Sen. Ken Cuccinelli (R-Fairfax), elected in August, is one of several freshman lawmakers from Northern Virginia heading to Richmond for the 2003 General Assembly session, which begins Wednesday. Cuccinelli spoke about his goals for the session with staff writer Steven Ginsberg.
QNow that you've helped defeat the sales tax increase, how do you propose to solve the region's transportation crisis?
A There are a number of different steps that we can take to alleviate congestion. These involve cost-effective projects, channeling more funding to transportation, coordinating transportation needs and land use and expanding partnerships with the private sector.
The most cost-effective project would be to dynamically integrate traffic light patterns, changing them in response to traffic.
Regarding funding, we would like to see the Woodrow Wilson Bridge project reduced from the current divided 12-lane design to a traditional 10-lane design. This would free up more than $500 million for other projects in Northern Virginia and reduce the impact of the new bridge. . . .
One significant opportunity, in conjunction with Maryland, would be to solicit bids from private companies to build an expanded Route 301 as a Washington-Baltimore bypass -- paid for by tolls from those passing through the region.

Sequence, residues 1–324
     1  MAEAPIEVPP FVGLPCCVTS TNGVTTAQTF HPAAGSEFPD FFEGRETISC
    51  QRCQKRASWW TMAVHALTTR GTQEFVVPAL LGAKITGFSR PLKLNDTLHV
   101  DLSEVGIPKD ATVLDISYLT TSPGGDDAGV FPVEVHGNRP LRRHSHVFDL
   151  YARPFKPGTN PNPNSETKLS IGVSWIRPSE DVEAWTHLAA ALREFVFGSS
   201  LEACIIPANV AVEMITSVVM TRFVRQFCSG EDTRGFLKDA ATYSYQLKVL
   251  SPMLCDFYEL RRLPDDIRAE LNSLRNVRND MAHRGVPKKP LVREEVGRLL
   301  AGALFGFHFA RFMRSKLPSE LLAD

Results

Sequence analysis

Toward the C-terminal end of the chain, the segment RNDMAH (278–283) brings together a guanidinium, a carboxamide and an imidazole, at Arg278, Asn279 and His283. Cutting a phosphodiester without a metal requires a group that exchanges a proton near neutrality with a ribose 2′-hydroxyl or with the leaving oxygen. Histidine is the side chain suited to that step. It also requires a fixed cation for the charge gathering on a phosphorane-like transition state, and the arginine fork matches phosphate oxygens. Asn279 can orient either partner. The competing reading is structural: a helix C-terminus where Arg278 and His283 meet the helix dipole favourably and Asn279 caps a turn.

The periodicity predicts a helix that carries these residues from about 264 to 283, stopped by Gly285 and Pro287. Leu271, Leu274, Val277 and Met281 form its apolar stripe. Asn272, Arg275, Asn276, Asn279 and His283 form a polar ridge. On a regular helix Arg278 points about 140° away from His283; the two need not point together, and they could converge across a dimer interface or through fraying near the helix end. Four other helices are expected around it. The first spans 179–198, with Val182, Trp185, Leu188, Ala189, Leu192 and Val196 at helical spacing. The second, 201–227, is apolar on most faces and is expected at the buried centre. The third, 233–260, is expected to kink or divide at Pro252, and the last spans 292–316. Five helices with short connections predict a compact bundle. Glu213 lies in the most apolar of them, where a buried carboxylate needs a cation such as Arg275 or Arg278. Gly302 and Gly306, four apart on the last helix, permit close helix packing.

One of the strongest messages that voters expressed on Nov. 5 was that they don't trust state lawmakers. How do you plan on changing that perception?
The first step that I will take to begin to restore the faith of Virginia citizens in their state government is to push a bill that would make the Virginia budget "transparent," by which I mean that anyone could pick up the budget and figure out how much each program costs, how many employees does it utilize, what are the goals of that particular program and what is the track record of measured outputs.
How hard will you fight for an adequate public facilities measure, impact fees or other growth control proposals?
This area is a real tightrope walk for me. I support legislation to coordinate land use and transportation infrastructure, but we must always be careful not to trample property rights.
What are some of the bills you are proposing?
One would shift the burden of proof in tax assessment cases from the taxpayer to the Department of Taxation. A second bill would cap real estate tax increases at a maximum of 5 percent per year or the combination of population growth plus inflation, so we can finally get some relief from skyrocketing real estate taxes. A third bill would cap state spending increases at the combination of inflation plus population growth, with the excess going to either the rainy day fund or being refunded to taxpayers.
Would you support a tax increase on cigarettes or alcohol? Would you support a new tax of any kind?
It is my strong belief that Virginians, especially Northern Virginians, are already taxed too much, so I would not support any new taxes.
However . . . in some circumstances I would support user fees.